All significant deficiencies and material weaknesses in the design or operation of internal control over financial reporting which are reasonably likely to adversely affect the registrant's ability to record, process, summarize and report financial information; and

 

 

b)

Any fraud, whether or not material, that involves management or other employees who have a significant role in the registrant's internal control over financial reporting.

 

Date: May 9, 2018

 

 

 

/s/ Matthew T. Sheehan

 

Matthew T. Sheehan

 

Chief Executive Officer

 

 

ex_113387.htm

EXHIBIT 31.2

 

MANAGEMENT CERTIFICATION

 

I, David J. Mills, certify that:

 

I have reviewed this Quarterly Report on Form 10-Q of Primo Water Corporation;

 

2.

Based on my knowledge, this report does not contain any untrue statement of a material fact or omit to state a material fact necessary to make the statements made, in light of the circumstances under which such statements were made, not misleading with respect to the period covered by this report;

 

3.

Based on my knowledge, the financial statements, and other financial information included in this report, fairly present in all material respects the financial condition, results of operations and cash flows of the registrant as of, and for, the periods presented in this report;

 

4.

The registrant’s other certifying officer(s) and I are responsible for establishing and maintaining disclosure controls and procedures (as defined in Exchange Act Rules 13a-15(e) and 15d-15(e)) and internal control over financial reporting (as defined in Exchange Act Rules 13a-15(f) and 15d-15(f)) for the registrant and have:

 

 

a)

Designed such disclosure controls and procedures, or caused such disclosure controls and procedures to be designed under our supervision, to ensure that material information relating to the registrant, including its consolidated subsidiaries, is made known to us by others within those entities, particularly during the period in which this report is being prepared;

 

 

b)

Designed such internal control over financial reporting, or caused such internal control over financial reporting to be designed under our supervision, to provide reasonable assurance regarding the reliability of financial reporting and the preparation of financial statements for external purposes in accordance with generally accepted accounting principles;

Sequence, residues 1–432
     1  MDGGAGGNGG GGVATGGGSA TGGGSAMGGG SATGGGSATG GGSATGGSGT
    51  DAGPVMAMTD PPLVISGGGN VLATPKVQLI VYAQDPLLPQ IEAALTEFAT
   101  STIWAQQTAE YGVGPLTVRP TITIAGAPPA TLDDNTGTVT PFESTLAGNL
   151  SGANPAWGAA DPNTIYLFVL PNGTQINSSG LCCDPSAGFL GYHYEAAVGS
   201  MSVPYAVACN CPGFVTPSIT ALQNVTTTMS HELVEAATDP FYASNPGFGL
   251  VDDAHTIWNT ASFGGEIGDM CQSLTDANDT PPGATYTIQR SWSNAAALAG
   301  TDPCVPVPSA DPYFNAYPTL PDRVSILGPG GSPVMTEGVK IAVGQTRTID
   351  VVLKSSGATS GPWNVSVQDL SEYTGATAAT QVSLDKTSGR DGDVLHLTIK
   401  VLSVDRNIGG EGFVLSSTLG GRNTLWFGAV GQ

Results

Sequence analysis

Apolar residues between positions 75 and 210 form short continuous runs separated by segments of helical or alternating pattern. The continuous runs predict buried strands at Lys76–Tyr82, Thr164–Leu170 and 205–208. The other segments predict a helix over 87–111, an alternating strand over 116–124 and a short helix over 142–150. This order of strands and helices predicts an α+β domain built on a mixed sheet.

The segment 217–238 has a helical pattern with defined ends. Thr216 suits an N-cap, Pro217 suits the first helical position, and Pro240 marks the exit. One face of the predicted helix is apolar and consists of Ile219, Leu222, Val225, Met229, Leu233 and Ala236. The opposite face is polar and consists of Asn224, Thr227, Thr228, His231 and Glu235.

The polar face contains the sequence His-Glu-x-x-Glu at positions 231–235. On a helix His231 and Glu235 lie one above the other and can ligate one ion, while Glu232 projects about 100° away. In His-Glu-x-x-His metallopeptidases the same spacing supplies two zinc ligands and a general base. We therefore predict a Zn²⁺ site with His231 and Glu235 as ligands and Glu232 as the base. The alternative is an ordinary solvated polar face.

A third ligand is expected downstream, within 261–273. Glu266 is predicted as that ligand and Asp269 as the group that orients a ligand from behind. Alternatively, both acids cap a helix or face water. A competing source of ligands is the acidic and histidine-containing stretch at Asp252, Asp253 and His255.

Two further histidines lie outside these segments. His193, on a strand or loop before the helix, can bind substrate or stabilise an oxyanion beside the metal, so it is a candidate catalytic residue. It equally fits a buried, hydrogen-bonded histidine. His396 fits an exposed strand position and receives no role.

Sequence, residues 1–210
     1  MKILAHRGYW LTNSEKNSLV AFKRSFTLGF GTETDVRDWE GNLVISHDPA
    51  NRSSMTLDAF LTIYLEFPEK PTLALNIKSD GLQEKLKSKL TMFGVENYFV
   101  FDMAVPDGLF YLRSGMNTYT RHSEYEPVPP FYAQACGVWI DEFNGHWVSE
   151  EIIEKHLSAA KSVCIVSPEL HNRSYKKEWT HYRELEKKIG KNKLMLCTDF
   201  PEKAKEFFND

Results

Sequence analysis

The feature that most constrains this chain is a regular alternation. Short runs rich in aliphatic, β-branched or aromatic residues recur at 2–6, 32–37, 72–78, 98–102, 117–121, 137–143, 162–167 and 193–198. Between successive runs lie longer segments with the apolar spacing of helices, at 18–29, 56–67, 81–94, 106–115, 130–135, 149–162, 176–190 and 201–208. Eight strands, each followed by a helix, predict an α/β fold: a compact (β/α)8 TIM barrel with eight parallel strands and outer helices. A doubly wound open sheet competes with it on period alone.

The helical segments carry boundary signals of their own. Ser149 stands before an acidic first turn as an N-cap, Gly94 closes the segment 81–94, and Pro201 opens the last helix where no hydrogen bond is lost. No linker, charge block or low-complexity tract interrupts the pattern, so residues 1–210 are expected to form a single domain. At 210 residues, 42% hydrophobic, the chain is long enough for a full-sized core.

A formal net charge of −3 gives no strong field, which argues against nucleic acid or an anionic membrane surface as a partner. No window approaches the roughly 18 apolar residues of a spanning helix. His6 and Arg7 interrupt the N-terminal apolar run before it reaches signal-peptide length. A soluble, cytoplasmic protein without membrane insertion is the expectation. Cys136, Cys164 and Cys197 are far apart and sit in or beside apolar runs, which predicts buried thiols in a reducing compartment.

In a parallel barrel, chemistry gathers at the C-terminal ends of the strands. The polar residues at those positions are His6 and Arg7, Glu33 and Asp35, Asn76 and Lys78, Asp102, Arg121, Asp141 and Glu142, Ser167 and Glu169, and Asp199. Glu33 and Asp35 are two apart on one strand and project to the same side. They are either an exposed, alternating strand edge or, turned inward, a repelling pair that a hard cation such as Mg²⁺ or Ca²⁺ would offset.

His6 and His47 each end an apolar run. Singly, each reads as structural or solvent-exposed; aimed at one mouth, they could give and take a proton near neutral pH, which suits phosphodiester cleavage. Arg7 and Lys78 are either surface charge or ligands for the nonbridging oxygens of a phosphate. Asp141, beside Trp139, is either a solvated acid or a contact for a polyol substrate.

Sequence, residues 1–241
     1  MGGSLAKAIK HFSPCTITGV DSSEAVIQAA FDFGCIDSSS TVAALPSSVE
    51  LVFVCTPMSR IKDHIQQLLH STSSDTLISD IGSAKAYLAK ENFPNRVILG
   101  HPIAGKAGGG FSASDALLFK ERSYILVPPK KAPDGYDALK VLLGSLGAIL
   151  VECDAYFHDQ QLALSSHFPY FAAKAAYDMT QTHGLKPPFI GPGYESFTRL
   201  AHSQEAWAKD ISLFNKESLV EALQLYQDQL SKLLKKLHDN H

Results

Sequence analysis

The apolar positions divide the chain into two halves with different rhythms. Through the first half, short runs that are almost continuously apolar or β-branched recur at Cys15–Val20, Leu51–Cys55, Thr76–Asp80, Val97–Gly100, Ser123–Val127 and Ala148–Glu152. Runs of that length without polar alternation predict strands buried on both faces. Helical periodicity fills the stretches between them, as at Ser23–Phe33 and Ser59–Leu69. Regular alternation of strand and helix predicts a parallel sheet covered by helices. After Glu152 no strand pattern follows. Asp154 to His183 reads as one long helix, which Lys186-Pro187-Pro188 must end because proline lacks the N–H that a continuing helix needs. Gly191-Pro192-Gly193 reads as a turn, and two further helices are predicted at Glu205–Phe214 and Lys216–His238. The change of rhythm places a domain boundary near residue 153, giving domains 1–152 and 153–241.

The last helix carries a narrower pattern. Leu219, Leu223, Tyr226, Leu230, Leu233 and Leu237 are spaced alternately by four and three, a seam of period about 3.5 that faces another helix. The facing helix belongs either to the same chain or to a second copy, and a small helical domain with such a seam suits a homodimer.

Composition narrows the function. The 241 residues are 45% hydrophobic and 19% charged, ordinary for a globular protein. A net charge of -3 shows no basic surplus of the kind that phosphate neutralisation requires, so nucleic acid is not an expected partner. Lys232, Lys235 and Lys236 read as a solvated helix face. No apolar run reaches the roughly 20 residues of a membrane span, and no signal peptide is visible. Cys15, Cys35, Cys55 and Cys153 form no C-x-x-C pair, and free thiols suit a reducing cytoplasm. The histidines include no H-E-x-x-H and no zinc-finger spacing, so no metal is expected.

c)

Evaluated the effectiveness of the registrant's disclosure controls and procedures and presented in this report our conclusions about the effectiveness of the disclosure controls and procedures, as of the end of the period covered by this report based on such evaluation; and

 

 

d)

Disclosed in this report any change in the registrant's internal control over financial reporting that occurred during the registrant's most recent fiscal quarter (the registrant's fourth fiscal quarter in the case of an annual report) that has materially affected, or is reasonably likely to materially affect, the registrant's internal control over financial reporting; and

 

5.

The registrant's other certifying officer(s) and I have disclosed, based on our most recent evaluation of internal control over financial reporting, to the registrant's auditors and the audit committee of the registrant's board of directors (or persons performing the equivalent functions):

 

 

a)

All significant deficiencies and material weaknesses in the design or operation of internal control over financial reporting which are reasonably likely to adversely affect the registrant's ability to record, process, summarize and report financial information; and

 

 

b)

Any fraud, whether or not material, that involves management or other employees who have a significant role in the registrant's internal control over financial reporting.

 

Date: May 9, 2018

 

 

/s/ David J. Mills

 

David J. Mills

 

Chief Financial Officer

 

 

ex_113388.htm

EXHIBIT 32.1

 

CERTIFICATION PURSUANT TO

18 U.S.C. SECTION 1350,

AS ADOPTED PURSUANT TO

SECTION 906 OF THE SARBANES-OXLEY ACT OF 2002

 

 

In connection with the Quarterly Report of Primo Water Corporation, (the “Company”) on Form 10-Q for the period ended March 31, 2018 as filed with the Securities and Exchange Commission on the date hereof (the “Report”), we, Matthew T. Sheehan, Chief Executive Officer of the Company, and David Mills, Chief Financial Officer of the Company, certify, pursuant to 18 U.S.C. § 1350, as adopted pursuant to § 906 of the Sarbanes-Oxley Act of 2002, that:

 

 

(1)

The Report fully complies with the requirements of section 13(a) or 15(d) of the Securities Exchange Act of 1934; and

 

 

(2)

The information contained in the Report fairly presents, in all material respects, the financial condition and results of operations of the Company.

 

A signed original of this written statement required by Section 906 has been provided to Primo Water Corporation and will be retained by Primo Water Corporation and furnished to the Securities and Exchange Commission or its staff upon request.

 

 

/s/ Matthew T. Sheehan

 

/s/ David J. Mills

Matthew T. Sheehan

 

David J. Mills

Chief Executive Officer

 

Chief Financial Officer

May 9, 2018

 

May 9, 2018